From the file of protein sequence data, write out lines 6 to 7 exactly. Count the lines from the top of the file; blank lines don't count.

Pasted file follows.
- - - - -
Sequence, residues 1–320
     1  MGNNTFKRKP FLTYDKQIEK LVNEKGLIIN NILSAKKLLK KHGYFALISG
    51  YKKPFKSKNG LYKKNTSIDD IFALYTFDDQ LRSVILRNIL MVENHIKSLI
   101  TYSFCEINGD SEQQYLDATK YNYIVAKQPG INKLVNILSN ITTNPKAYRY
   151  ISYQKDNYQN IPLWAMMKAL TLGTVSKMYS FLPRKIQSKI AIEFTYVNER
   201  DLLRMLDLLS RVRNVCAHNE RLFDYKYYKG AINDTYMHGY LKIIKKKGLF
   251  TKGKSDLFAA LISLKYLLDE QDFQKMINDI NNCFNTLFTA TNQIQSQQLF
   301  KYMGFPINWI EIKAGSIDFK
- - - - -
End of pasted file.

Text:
   201  DLLRMLDLLS RVRNVCAHNE RLFDYKYYKG AINDTYMHGY LKIIKKKGLF
   251  TKGKSDLFAA LISLKYLLDE QDFQKMINDI NNCFNTLFTA TNQIQSQQLF